Wednesday Jul 30, 2008

Ruby Eye for the Java guy: Constants

In Java, it is common to use public, final, static fields to represent utility constants. Since the fields are public, they can be used from any package; and since they are final, values cannot be assigned to them once they have been initialized. If the field is a primitive type, such as java.lang.Integer.MAX_VALUE then it is also effectively immutable (and, by extension, effectively thread-safe). These two conditions - finality and immutability - are what guarantee that the field will remain constant. Some classes, like java.lang.String, are also immutable, and so can be used to represent constants. A common design pattern is to group sets of related constants together in a public final class, such as for example javax.xml.XMLConstants.

It would seem like the need for an API to expose constants is universal, and so should find expression in every language. How to do this in Ruby?

In Ruby, any field that begins with an upper-case letter is treated as constant. If you attempt to assign to a constant more than once, the interpreter will issue a warning. Constants may be defined inside of a class, and since the Ruby Class class inherits from Module, you can use the module "::" accessor syntax to read the constant's value:

  class MyClass
    MY_VAR = "xxx"
  end

  puts MyClass::MY_VAR           #=> "xxx"
  MyClass::MY_VAR = "yyy"        #=> "warning: already initialized constant MY_VAR"
However, the Ruby String class is mutable, so the constant is still open to modification:
  MyClass::MY_VAR[1] = "z"
  puts MyClass::MY_VAR           #=> "xzx"
Everything in Ruby is an object, and all objects inherit from the Object class. Object defines a freeze method, which, once invoked, prevents any further modification to the object's state. Once frozen, an object can never be "thawed". So a final, immutable class constant in Ruby might look like this:
  class MyClass
    MY_VAR = "xxx"
    MY_VAR.freeze
  end

  puts MyClass::MY_VAR           #=> "xxx"
  MyClass::MY_VAR = "yyy"        #=> "warning: already initialized constant MY_VAR"
  MyClass::MY_VAR[1] = "z"       #=> "in '[]=': can't modify frozen string (TypeError)
The attempt to modify the frozen object results in an unchecked error, and execution halts. Re-assigning to the constant results in a warning only, and execution continues. It is possible to make assignment a fatal error, too, if we wrap the constants in a module, and freeze the module:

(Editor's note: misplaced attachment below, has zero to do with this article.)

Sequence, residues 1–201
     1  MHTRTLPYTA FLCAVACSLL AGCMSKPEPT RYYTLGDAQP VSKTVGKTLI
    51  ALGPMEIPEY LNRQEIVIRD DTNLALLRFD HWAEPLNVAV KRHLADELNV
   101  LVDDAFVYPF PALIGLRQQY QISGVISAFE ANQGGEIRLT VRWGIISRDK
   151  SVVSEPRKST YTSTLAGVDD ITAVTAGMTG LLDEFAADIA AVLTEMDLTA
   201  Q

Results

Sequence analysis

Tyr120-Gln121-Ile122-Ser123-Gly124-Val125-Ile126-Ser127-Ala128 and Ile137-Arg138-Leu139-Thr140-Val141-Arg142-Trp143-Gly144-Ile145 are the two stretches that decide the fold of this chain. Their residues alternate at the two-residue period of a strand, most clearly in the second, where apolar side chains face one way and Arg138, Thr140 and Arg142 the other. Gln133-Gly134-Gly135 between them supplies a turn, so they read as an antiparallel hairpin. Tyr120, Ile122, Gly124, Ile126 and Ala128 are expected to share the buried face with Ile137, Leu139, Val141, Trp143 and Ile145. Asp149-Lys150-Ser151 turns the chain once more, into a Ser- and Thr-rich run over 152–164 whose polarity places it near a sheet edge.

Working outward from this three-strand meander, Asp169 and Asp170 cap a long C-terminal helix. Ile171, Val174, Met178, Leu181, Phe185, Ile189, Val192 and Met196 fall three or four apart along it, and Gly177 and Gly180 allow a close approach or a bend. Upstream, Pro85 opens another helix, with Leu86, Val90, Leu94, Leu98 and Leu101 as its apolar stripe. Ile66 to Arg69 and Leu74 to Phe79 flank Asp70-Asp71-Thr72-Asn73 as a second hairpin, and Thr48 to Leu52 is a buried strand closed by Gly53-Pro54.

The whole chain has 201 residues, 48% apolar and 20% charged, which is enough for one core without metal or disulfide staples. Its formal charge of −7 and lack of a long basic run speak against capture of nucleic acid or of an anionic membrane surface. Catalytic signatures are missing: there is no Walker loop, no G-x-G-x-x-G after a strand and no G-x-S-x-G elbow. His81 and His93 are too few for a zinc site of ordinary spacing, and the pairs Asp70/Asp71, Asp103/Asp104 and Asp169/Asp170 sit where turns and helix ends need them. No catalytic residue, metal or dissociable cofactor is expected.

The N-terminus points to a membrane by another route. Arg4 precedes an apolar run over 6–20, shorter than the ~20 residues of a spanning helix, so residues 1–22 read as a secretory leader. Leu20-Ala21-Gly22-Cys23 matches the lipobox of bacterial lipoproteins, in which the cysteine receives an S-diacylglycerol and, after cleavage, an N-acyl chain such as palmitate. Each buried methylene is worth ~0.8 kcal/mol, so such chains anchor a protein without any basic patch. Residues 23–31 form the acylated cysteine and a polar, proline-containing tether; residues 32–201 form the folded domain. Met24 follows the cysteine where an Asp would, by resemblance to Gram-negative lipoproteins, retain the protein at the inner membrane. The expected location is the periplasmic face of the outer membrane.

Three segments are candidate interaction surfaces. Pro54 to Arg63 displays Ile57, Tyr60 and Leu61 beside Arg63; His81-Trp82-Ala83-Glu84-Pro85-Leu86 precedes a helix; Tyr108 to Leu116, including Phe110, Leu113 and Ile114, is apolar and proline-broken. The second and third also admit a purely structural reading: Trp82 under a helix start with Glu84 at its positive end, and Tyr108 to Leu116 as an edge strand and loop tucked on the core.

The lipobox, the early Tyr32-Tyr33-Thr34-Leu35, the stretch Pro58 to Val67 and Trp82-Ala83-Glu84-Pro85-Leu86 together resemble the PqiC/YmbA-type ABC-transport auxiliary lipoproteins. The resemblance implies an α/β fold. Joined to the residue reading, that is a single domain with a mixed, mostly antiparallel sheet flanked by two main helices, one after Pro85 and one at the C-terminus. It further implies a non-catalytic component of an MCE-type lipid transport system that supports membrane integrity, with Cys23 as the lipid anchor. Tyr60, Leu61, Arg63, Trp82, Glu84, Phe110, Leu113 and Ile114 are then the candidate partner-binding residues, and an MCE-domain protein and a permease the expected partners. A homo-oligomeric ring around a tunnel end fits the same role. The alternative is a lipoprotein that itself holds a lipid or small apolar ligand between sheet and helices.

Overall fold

module MyModule
    MY_VAR = "xxx"
    MY_VAR.freeze
  end
  MyConstants.freeze

  MyModule::MY_VAR = "YYY"       #=> "can't modify frozen module (TypeError)
Be careful, if you want to "mix in" the module's functionality, callers of your class will access the module's constants through an unfrozen path:
  class MyClass
    include MyConstants
  end

  MyClass::VAR = "qqq"
  MyClass::VAR[1] = 'r'
  puts MyClass::VAR              #=> "qrq"
One solution might be to freeze your class, if you want to guarantee the immutability of everything in the class. If you want to leave the class open to extension or modification, you could wrap the included constants in an inner module:
  module MyConstants
    VAR = "xxx"
    VAR.freeze
  end
  MyConstants.freeze

  class MyClass
    class Constants
      include MyConstants
    end
    Constants.freeze
  end

  puts MyClass::Constants::VAR   #=> "xxx"

Thursday Apr 26, 2007

Ruby script to toggle CVS root in a workspace

Sandip Chitale posted a Java program that toggles the CVS root setting of a workspace that is already checked out (see A simple program to toggle CVSROOT of existing checked out workspace). At the end of his post, Sandip solicits alternative solutions. I have been playing around with Ruby, and was curious as to how much more compactly the same logic could be expressed in Ruby.

Stripped of empty lines and comments, Sandip's Java solution weighs in at 83 lines. That's roughly four times the 16 lines required for a roughly equivalent program in Ruby, which I give below.

The Java program has explicit exception handlers, which I chose to leave out, since both programs will leave the repository in a corrupted state if IO fails midway.

# A simple program to fix the CVSROOT.  
# 
# One may check out a cvs workspace using a CVSROOT e.g.
# :pserver:username@extranet.foo.com:/cvs. This value of CVSROOT 
# is recorded in the CVS/Root file in the checkedout directories.
# At some later time, depending on the network connectivity, it may be faster
# to use an alternate (aliased) CVSROOT e.g. 
# :pserver:username@intranet.foo.com:/cvs.
#
# This simple program provides the functionality to fix the CVSROOT settings
# in each CVS/Root file. It skips entries found in .cvsignore.
#
# CAUTION: Care must be taken to make sure that both cvs servers are really the
# same servers, or mirrors that are in sync.
#
# DISCLAIMER: This is an experimental program. Use at your own risk.

require 'find'
abort 'No server name specified' unless $\*[0]

roots = []
ignore_patterns = []


# Use the find module to traverse the source code repository, collecting all CVS root
# files found, and patterns of directories to ignore

Find.find('./') do |path|
  if path =~ /CVS\\/Root$/
    roots << path
  elsif path =~ /.cvsignore$/
    ignores = IO.readlines(path).collect{ |line| line.chop }
    ignore_patterns << File.dirname(path) + '/(' + ignores.join('|') + ')'
  end
end


# Construct a regexp of all directories to ignore, use it to prune the array of root
# files, then, update each root file with the new pserver name

ignore_expr = Regexp.new('\^(' + ignore_patterns.join('|') + ')')
roots.reject { |root| ignore_expr.match(root) ? true : false }.each do |root|
  (pserver = File.open(root, 'r').gets)[/@[\^:]+:/] = ('@' + $\*[0] + ':')
  File.open(root, 'w').puts pserver
end 
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gjmurphy

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